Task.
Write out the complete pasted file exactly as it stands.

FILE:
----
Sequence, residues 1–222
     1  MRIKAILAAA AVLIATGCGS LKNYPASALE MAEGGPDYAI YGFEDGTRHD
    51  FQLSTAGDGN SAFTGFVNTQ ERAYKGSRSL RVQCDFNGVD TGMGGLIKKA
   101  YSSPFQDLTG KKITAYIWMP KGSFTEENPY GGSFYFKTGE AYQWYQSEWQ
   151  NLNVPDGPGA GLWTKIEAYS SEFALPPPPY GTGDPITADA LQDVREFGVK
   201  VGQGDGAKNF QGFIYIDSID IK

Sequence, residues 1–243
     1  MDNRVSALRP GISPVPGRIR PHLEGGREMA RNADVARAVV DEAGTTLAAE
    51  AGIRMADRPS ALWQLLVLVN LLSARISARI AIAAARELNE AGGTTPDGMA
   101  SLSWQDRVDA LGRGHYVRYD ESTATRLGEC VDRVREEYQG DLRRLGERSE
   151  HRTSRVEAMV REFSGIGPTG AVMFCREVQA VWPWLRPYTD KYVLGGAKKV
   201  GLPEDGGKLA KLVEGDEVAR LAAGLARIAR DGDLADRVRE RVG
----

Sequence, residues 1–222
     1  MRIKAILAAA AVLIATGCGS LKNYPASALE MAEGGPDYAI YGFEDGTRHD
    51  FQLSTAGDGN SAFTGFVNTQ ERAYKGSRSL RVQCDFNGVD TGMGGLIKKA
   101  YSSPFQDLTG KKITAYIWMP KGSFTEENPY GGSFYFKTGE AYQWYQSEWQ
   151  NLNVPDGPGA GLWTKIEAYS SEFALPPPPY GTGDPITADA LQDVREFGVK
   201  VGQGDGAKNF QGFIYIDSID IK

Sequence, residues 1–243
     1  MDNRVSALRP GISPVPGRIR PHLEGGREMA RNADVARAVV DEAGTTLAAE
    51  AGIRMADRPS ALWQLLVLVN LLSARISARI AIAAARELNE AGGTTPDGMA
   101  SLSWQDRVDA LGRGHYVRYD ESTATRLGEC VDRVREEYQG DLRRLGERSE
   151  HRTSRVEAMV REFSGIGPTG AVMFCREVQA VWPWLRPYTD KYVLGGAKKV
   201  GLPEDGGKLA KLVEGDEVAR LAAGLARIAR DGDLADRVRE RVG